When it comes to survival of the fittest, it's all about your mother, according to a study that analyzed 24 years' worth of data from a population of North American red squirrels in Canada's Yukon and measured maternal genetic effects in squirrel offspring.  

Conclusion: Adaptive success in squirrels is often hidden in the genes of their mother. Biologists have debated "nature vs. nurture" for decades. To what extent are we born a blank slate and how much of our destiny in life is written out for us in terms of our genetics?

"Some squirrels are genetically better at being mothers than others," said Andrew McAdam, a professor in U of G's Department of Integrative Biology and co-author of the study published today in Proceedings of the Royal Society. "We provide evidence that genetic differences in the nurturing ability of red squirrels affect the fitness of their offspring."

Credit: Paulson Des Brisay

It's widely recognized that mothers make important contributions to attributes of their developing offspring, "but our study is the first to measure how important these genes in the mothers are to the evolutionary success of their offspring." 

Researchers tracked squirrels throughout their lifetime by marking each animal and using radio collars to find their nests. At first, they found no evidence for the heritability of fitness. "This is not uncommon, but it's depressing for someone interested in studying adaptation," McAdam said. But Eryn noticed that there seemed to be a difference in fitness among squirrels that depended on who their mother was, and decided to look and see whether those differences among mothers were due to genetics."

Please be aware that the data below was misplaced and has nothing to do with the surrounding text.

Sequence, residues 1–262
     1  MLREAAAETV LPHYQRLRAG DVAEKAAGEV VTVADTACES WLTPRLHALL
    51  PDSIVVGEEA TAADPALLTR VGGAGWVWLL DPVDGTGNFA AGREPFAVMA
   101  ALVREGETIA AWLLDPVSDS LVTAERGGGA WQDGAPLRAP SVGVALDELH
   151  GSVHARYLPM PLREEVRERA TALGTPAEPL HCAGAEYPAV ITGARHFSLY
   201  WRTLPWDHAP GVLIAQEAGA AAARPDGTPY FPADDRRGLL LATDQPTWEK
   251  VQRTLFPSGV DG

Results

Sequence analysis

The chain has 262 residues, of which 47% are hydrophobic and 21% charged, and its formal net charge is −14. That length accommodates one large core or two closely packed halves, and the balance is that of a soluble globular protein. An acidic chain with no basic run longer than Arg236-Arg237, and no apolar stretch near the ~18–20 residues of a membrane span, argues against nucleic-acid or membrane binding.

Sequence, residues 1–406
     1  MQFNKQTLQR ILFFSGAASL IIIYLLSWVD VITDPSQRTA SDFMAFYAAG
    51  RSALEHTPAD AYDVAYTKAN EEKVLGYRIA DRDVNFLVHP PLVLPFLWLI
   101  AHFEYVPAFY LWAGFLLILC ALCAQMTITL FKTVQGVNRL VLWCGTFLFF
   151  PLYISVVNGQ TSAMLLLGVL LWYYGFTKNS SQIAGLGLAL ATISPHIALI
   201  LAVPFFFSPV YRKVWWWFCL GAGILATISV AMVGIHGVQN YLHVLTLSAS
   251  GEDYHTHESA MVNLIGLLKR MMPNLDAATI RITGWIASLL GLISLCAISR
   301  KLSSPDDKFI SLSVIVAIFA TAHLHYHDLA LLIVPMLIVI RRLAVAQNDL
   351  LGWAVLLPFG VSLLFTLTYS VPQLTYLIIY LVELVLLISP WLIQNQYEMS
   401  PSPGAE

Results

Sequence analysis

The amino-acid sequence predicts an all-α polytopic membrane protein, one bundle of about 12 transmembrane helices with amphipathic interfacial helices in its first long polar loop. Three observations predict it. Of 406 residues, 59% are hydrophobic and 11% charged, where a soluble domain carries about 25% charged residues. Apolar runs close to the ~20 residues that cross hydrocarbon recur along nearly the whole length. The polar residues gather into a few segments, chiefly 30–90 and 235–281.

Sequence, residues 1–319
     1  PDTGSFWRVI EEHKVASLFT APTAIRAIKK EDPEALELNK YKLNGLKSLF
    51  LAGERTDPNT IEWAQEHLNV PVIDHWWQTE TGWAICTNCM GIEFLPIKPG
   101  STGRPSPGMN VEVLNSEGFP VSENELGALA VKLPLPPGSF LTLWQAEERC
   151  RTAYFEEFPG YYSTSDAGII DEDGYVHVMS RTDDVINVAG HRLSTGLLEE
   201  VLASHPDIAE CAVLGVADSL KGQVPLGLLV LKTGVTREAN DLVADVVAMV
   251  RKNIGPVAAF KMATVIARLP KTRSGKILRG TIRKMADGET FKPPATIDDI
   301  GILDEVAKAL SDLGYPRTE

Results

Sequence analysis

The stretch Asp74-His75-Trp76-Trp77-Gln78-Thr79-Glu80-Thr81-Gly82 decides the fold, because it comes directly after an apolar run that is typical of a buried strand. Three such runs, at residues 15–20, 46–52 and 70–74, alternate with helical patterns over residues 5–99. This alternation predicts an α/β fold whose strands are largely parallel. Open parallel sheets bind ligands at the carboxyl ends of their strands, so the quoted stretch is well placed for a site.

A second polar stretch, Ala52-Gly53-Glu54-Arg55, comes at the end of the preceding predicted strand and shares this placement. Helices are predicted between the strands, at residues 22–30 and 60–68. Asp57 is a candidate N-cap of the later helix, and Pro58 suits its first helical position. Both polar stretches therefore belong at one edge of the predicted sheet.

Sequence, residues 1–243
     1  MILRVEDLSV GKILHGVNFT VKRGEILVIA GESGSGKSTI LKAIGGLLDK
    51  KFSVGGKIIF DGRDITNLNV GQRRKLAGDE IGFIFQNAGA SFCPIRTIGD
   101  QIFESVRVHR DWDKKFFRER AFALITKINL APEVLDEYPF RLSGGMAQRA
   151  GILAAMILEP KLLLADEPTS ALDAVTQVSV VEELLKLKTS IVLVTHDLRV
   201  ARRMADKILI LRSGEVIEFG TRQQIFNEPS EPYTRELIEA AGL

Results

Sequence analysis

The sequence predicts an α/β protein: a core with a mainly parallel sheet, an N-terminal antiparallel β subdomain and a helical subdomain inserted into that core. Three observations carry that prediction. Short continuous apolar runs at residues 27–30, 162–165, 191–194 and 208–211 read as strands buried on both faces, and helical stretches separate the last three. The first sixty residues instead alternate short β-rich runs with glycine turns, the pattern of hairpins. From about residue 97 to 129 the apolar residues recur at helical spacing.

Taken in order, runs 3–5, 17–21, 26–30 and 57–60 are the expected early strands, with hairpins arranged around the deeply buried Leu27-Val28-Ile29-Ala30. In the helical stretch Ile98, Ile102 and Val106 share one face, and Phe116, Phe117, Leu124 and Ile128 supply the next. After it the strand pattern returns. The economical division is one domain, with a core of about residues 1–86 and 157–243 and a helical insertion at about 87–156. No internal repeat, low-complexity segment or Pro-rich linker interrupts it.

They discovered a hidden source of adaptive potential that has not been measured before, McAdam said. "It wasn't in the genes of the offspring -- it was hidden in the genes of their mothers."

These maternal genetic effects on offspring fitness can drive evolution even when offspring genes have no direct effect on fitness, he said.

"It represents a previously undocumented source of adaptive potential in wild populations."

Although they don't know all attributes that make for a "better mother," the researchers found that genetically gifted mothers often give birth earlier in the breeding season and their pups are more successful in establishing territories. "This is just one attribute. We also know that there are still more yet to be discovered."

"What is clear is that the benefits of good mothering early in life are compounded across a whole lifetime." 

Other contributors to this paper include Eryn McFarlane of Uppsala University in Sweden,  Jamieson Gorrell and Dave Coltman from the University of Alberta, and Murray Humphries from McGill University. The research was funded in part by the Natural Sciences and Engineering Research Council, the National Science Foundation and the Ontario Ministry of Research and Innovation.